Have you ever been the target of a rude driver? Humiliated by a tactless boss who yells at you in front of your colleagues? Afraid of going to school and facing the mean kids that constantly poke fun at you? You are not alone. But then again, at some point, intentionally or not, you too might have behaved arrogantly, acted offensively or spoken rudely to a close friend, work colleague or stranger on the streets.
Ridicule, satire, rudeness, humiliation... they happen everywhere - inside our homes; in the workplace; and even on television where several shows make use of jokes to expose a public figure or get a point across.
Insults are not a recent phenomenon. Neither is an insult restricted to any geographical region or race.
So what makes a person want to insult someone? When is an insult justified? What are the intrinsic reasons people insult others? Is the intent always to hurt? The psychology of insults is vast, spanning cultural subtexts and primary human emotion.
Is there any difference between ridicule, satire and humiliation and blunt, straight-forward insults? According to Yiannis Gabriel, Professor of Organisational Theory at the University of Bath, “there are overlaps, but what distinguishes insults is [the aspect of] “big effect with little effort' since they take advantage of a weak point of the target.”
Gabriel explains that “insults involve two parties, a perpetrator and a target, and possibly an audience. There can be no insult without a perpetrator or an insulted party. A remark or action intended as an insult but not registered or experienced as one by its target, can hardly be said to constitute an insult, even if an audience recognised the intention.”
But why are some people so compelled to find that weakness and inflict harm on others? Hate? Well, as the German-Swiss poet, novelist and painter Hermann Hesse once said: “If you hate a person, you hate something in him that is part of yourself. What isn't part of ourselves doesn't disturb us.”
A few psychologists believe we all have a side of our personality that we don't like to expose or speak of. This is where we hide away the qualities we think of as undesirable and negative, and all of the physical, verbal and emotional abuse we might have once suffered.
According to Eva Jajonie, a clinical psychotherapist from the American Center for Psychiatry and Neurology in Abu Dhabi, “When suppressed concerns and feelings, such as lack of self-esteem; self-defeating thoughts and behaviours; guilt; and anger, for example, are not treated or dealt with, the person uses insults to unleash anger, to escape dealing with the pain or trauma experienced or as a way to exert control [over another person] and feel powerful.”
People also insult because they simply do not know any better. They repeat the common patterns present in the environments they are exposed to - home, school and work - and where insulting becomes a habit to function or deal with problems.
Jajonie says: “Even the media plays a major role today. Some cartoons, movies and video games, for example, teach insults and violence, affecting children.”
A person may also hurl an insult at another simply because of “the pecking order and the undoubted primary aggression that characterises us as humans”, notes Gabriel.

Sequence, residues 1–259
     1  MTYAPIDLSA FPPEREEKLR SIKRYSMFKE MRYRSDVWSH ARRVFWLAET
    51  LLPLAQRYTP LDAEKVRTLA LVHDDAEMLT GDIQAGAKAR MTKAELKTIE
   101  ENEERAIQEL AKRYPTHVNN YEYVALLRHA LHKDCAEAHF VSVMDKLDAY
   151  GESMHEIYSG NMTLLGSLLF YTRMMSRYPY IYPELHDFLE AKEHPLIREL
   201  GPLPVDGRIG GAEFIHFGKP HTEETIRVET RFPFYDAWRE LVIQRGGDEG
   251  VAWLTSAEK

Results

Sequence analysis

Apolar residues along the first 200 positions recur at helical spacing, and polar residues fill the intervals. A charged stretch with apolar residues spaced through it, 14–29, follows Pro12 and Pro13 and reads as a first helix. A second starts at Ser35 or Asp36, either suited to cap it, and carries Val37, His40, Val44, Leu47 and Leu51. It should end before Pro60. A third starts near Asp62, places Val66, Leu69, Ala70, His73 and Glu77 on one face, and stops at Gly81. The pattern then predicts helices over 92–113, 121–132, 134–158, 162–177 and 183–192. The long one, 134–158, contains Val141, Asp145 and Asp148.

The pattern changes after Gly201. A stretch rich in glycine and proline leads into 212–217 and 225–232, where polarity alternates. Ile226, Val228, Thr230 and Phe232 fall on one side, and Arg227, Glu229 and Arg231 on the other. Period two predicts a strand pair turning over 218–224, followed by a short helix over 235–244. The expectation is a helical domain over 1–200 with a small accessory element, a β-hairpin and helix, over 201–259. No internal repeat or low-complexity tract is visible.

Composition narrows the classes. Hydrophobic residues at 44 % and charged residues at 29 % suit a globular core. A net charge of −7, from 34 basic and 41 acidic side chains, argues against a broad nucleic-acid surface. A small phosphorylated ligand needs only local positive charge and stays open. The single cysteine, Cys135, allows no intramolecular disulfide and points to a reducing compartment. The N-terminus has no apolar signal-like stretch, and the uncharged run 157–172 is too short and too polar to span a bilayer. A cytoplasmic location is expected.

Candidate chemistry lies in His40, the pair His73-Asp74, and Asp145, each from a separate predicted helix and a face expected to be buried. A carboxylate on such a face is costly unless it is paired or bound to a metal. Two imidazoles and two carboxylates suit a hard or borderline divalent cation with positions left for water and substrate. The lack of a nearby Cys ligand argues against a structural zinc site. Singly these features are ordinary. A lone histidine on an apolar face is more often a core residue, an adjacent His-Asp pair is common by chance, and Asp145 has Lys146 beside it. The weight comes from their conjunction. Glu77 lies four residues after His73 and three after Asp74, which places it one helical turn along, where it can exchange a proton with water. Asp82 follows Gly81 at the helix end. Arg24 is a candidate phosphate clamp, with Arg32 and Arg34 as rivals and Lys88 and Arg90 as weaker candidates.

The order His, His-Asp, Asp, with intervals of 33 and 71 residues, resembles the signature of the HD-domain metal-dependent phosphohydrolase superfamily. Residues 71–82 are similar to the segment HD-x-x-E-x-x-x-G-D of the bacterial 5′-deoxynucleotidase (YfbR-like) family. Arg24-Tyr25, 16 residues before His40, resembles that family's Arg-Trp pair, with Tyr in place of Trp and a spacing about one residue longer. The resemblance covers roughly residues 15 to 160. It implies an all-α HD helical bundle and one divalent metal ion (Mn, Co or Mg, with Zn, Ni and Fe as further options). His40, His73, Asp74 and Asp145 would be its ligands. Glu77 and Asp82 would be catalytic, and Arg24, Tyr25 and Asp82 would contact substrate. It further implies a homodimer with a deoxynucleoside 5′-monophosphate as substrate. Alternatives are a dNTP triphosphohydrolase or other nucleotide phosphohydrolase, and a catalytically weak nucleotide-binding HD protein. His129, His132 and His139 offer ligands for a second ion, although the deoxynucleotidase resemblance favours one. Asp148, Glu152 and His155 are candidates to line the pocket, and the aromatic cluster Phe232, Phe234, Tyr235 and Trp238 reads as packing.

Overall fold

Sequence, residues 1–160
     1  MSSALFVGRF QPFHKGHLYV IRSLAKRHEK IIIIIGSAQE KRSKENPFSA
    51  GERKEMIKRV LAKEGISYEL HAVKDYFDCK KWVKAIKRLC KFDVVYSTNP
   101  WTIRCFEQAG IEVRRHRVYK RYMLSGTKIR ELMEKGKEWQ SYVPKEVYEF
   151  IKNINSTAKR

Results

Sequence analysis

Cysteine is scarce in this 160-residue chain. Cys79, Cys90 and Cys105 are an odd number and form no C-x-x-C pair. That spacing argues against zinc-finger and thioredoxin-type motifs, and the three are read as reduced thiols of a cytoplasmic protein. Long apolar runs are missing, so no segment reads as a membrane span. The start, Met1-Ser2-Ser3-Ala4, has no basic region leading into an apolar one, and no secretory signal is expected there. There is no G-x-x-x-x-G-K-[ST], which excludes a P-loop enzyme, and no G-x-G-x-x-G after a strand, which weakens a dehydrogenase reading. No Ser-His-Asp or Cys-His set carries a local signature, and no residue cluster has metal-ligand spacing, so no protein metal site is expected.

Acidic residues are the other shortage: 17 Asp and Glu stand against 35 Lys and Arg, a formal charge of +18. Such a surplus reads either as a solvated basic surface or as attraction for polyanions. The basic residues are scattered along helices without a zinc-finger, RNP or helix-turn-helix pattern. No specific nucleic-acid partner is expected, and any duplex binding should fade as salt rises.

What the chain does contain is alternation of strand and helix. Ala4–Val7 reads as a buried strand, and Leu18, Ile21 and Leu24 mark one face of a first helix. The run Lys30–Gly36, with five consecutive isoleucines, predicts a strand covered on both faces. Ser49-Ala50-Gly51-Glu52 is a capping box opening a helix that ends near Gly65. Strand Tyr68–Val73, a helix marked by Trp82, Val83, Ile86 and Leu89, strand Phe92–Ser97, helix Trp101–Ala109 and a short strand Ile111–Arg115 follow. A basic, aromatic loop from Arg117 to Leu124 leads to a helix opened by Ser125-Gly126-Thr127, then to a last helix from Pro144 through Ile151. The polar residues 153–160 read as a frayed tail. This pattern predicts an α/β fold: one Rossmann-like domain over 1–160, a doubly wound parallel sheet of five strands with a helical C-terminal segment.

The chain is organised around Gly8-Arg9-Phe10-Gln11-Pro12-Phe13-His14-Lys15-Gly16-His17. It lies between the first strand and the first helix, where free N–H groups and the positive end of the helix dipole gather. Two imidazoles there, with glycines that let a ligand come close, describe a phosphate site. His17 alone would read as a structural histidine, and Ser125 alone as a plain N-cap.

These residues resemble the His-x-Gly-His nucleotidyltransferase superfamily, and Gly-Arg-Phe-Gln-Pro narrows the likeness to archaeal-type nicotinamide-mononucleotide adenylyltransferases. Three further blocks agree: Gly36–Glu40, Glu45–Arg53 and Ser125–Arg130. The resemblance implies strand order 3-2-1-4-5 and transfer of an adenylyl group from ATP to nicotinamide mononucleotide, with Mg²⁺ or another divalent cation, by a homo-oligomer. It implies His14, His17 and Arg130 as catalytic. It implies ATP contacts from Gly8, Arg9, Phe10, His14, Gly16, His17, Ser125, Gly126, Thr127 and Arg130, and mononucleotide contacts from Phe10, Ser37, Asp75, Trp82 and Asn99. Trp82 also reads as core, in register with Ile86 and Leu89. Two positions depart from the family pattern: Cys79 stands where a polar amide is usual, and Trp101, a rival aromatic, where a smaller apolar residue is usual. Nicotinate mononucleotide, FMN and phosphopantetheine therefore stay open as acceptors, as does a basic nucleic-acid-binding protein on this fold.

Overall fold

In his paper, An Introduction to the social psychology of insults in organizations, available from the free online collection of the International Society for the Psychoanalytic Study of Organisations (ISPSO), Gabriel suggests that “jokes are a good place to begin an investigation of insults. Like jokes, insults depend on timing and must touch a vital nerve. Like jokes, insults play on hidden desires and vulnerabilities. Like jokes, they can be highly imaginative and ingenious… The main difference between insults and jokes would seem to lie in their emotional content. Jokes release mirth, whereas insults unleash anger.”
It is no surprise that there is an array of ways to degrade, offend, humiliate and unleash that anger in people. According to Gabriel, “insults can be verbal, consisting of mocking invective, cutting remarks, negative stereotypes, rudeness or straight swearing.”
Dealing with difficult people
Hellen Meyerhof, a Brazilian flight attendant based in Abu Dhabi, knows exactly what this feels like: “In my previous job, I had to deal with a very difficult customer. One day, he stormed in and started to complain about almost everything about my company. He shouted at me in front of other customers and colleagues. I felt stressed and terrible; all I really wanted to do was run far away and scream out to release the stress. But I took a deep breath and listened attentively and respectfully without interruption. After I took responsibility for the problem on behalf of my organisation, the customer calmed down, came to his senses and ended apologising for his behaviour.”
The Australian DJ/Event Promoter, Jonathon Bradford, based in Dubai, says he sometimes feels insulted by the harsh criticism he receives for the music he chooses to play. “Most people are really nice, but sometimes there are a few partygoers who seem to be bent on ruining the evening. Usually I get defensive. My first thought is to turn around, remind them that I'm working, and ask [how they would feel] if I sat through their office meetings making comments all through. But then I remind myself to diffuse the situation by taking the comment lightly and making polite conversation...”
Broad spectrum of jibes
According to Gabriel, “Insults can also be performed in deed, as when valued objects are defamed, symbols desecrated, gifts returned or invitations refused.” Alternatively, says Gabriel, insults can “be brutal, unambiguous and direct, as in cases of indecent gestures or racist and sexual harassment… they can also be subtle, residing in innuendo or facial expression, leaving room for a face-saving retreat or an affected disregard by the aggrieved party.”
A good example of this is the classic scene in Pretty Woman where Vivian (played so well by Julia Roberts) steps into a designer store in Beverly Hills to buy a dress. The sales lady does not hurl any pointed insults. She simply looks Vivian from head to toe and says things like, “It's very expensive”, “I don't think we have anything for you” and “You are obviously in the wrong place”.